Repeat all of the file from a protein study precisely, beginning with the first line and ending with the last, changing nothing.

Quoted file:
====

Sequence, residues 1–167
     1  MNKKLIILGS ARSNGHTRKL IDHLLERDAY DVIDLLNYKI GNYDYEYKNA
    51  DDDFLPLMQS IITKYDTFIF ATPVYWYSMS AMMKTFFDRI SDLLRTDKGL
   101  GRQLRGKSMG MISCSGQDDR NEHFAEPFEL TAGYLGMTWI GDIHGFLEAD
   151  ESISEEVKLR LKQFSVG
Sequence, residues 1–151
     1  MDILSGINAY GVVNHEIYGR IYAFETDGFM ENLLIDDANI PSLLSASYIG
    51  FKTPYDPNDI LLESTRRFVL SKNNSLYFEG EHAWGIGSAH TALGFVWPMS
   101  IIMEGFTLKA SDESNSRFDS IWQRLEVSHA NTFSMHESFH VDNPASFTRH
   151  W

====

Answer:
Sequence, residues 1–167
     1  MNKKLIILGS ARSNGHTRKL IDHLLERDAY DVIDLLNYKI GNYDYEYKNA
    51  DDDFLPLMQS IITKYDTFIF ATPVYWYSMS AMMKTFFDRI SDLLRTDKGL
   101  GRQLRGKSMG MISCSGQDDR NEHFAEPFEL TAGYLGMTWI GDIHGFLEAD
   151  ESISEEVKLR LKQFSVG
Sequence, residues 1–151
     1  MDILSGINAY GVVNHEIYGR IYAFETDGFM ENLLIDDANI PSLLSASYIG
    51  FKTPYDPNDI LLESTRRFVL SKNNSLYFEG EHAWGIGSAH TALGFVWPMS
   101  IIMEGFTLKA SDESNSRFDS IWQRLEVSHA NTFSMHESFH VDNPASFTRH
   151  W